Democrats aim to partially tighten the carried interest loophole
ASMA KHALID, HOST:
You know that big, sprawling Senate compromise about health care and climate change that Democrats Joe Manchin and Chuck Schumer reached last week? Well, there is a lot in it, including this one particularly controversial nugget. It is what is known as the carried interest loophole. It's been a target of every president going back to George W. Bush. It lets wealthy hedge fund managers pay less in taxes. And the Democrats' Senate bill attempts to partially close that loophole. To take a deeper look at what exactly it is and why it's drawn so much political attention over the years, we've called up David Wessel. He's director of the Hutchins Center at the Brookings Institution. Welcome back to the program, David.
DAVID WESSEL: Good morning, Asma.
KHALID: So, David, let's begin with a definition. Help us understand what exactly carried interest is and who really benefits from this loophole.
WESSEL: Sure. Partners in private equity firms and hedge funds who generally manage other people's money get a share of the profits from any deal they do, often about a 20% share, even if they have invested any of their own money in it. Today, they pay taxes on that income at the capital gains rate, 23.8%. Under the tax code, this isn't considered part of their compensation. If it were, they'd be taxed at the ordinary income tax rate of up to 37%. And these folks make a lot of money. The Wall Street Journal says the 28 top executives of five big private equity firms shared $760 million in carried interest. That's more than $25 million each.
KHALID: Oh, wow.
WESSEL: So this loophole saves a few people a lot of money on their taxes.
KHALID: So, you know, over the weekend, Senator Manchin appeared on a number of Sunday shows. He was on Fox News Sunday defending this deal. And I was struck by the language he used. You know, he talked about loopholes.
(SOUNDBITE OF FOX NEWS BROADCAST)
JOE MANCHIN: We did not raise taxes. We've closed loopholes.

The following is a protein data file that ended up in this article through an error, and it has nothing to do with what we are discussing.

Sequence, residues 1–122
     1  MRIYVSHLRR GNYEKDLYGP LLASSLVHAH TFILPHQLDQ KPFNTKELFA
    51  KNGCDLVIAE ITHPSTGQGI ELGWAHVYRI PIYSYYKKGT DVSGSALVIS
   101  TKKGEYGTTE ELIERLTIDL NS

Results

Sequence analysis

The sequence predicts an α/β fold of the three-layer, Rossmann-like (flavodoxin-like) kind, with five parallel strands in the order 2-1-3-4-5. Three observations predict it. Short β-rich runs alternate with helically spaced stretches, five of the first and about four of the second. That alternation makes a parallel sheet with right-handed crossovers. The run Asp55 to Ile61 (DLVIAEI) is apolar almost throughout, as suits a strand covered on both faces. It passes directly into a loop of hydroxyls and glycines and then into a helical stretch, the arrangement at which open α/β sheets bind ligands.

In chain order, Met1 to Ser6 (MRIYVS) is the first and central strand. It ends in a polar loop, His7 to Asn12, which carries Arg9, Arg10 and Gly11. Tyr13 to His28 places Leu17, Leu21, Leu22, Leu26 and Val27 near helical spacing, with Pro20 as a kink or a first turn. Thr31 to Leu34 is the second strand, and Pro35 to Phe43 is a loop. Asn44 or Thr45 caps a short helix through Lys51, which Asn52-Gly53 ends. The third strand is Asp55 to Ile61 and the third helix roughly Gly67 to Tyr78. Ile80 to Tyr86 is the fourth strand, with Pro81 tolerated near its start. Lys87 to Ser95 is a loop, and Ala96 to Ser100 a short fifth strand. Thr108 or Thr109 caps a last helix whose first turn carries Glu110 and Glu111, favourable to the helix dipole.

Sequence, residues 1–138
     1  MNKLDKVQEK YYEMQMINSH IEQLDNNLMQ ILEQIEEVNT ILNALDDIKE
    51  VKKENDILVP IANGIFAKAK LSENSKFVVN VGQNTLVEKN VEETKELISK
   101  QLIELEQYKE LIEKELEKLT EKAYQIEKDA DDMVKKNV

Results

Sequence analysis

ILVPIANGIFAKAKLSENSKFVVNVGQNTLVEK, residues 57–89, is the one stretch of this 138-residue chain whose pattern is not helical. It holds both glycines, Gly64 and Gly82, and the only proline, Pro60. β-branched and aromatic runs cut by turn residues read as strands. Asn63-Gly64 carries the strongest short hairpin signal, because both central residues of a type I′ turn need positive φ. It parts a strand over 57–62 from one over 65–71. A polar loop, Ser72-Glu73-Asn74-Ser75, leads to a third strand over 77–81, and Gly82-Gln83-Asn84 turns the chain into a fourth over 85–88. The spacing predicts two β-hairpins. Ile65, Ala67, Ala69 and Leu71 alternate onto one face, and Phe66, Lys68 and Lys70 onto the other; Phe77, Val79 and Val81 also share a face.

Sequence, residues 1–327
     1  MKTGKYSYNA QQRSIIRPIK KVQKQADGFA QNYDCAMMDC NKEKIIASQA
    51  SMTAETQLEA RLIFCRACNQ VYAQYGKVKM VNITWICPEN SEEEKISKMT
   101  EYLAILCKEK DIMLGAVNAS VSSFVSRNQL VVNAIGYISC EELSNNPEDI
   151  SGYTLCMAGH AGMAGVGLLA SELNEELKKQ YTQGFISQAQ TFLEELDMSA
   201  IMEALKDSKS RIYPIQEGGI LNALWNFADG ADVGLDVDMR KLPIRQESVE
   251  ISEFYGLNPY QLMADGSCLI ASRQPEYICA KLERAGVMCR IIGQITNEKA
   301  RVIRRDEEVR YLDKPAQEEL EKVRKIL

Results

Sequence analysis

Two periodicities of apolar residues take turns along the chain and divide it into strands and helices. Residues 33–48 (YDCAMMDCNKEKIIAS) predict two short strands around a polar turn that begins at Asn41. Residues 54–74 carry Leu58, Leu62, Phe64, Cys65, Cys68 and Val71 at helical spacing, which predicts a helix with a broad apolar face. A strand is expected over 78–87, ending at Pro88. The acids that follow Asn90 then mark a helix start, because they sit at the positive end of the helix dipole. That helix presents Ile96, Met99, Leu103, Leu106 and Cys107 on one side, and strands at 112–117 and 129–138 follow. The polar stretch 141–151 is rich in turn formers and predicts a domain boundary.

KHALID: So, David, this raises the question to me, I mean, does this massive bill, the Inflation Reduction Act, really do what Senator Manchin says that it will do?
WESSEL: Well, for those people who are affected, it's a tax increase. It raises about $14 billion over 10 years. That's a lot of money, although a small slice of all the money in this bill. It wouldn't completely close the loophole, but it would substantially restrict it. Partners would have to hold their investment for five years up from the current three to get the lower tax rate. And it would make all sorts of technical changes, all of which would get more money out of them for the Treasury.
KHALID: So, you know, in years past, we've seen both Republican and Democratic presidents try to close this loophole. Congress, Democrats included, I should point out, have resisted this effort. So help us understand why there has not been a consensus in Congress to do something about this.
WESSEL: Well, there are a lot of private equity and hedge fund partners who are big campaign contributors, including to Democrats, and they care about this a lot. And all the other constituents of Congress don't even know what it is. So despite the Democrats' tax the rich rhetoric, this provision always seems to fall out of any proposal before it's passed by Congress. And in fact, we still don't know if this one is going to survive. Senator Kyrsten Sinema, the Arizona Democrat who has not been happy about closing the carried interest loophole, hasn't said yet whether she'll support it. And since the bill requires all 50 Democrats to go along, it's - it could yet survive. It's worth noting that in 2017, it was the Republicans who succumbed to industry pressure and made very minor changes to carried interest despite President Trump's attacks on it.
KHALID: And, David, very briefly, what is the argument for leaving the loophole alone?
WESSEL: Basically, the industry says this tax increase will limit their ability to punish - to invest in small businesses and hurt the economy.
KHALID: David Wessel of the Brookings Institution, thank you as always.
WESSEL: You're welcome.
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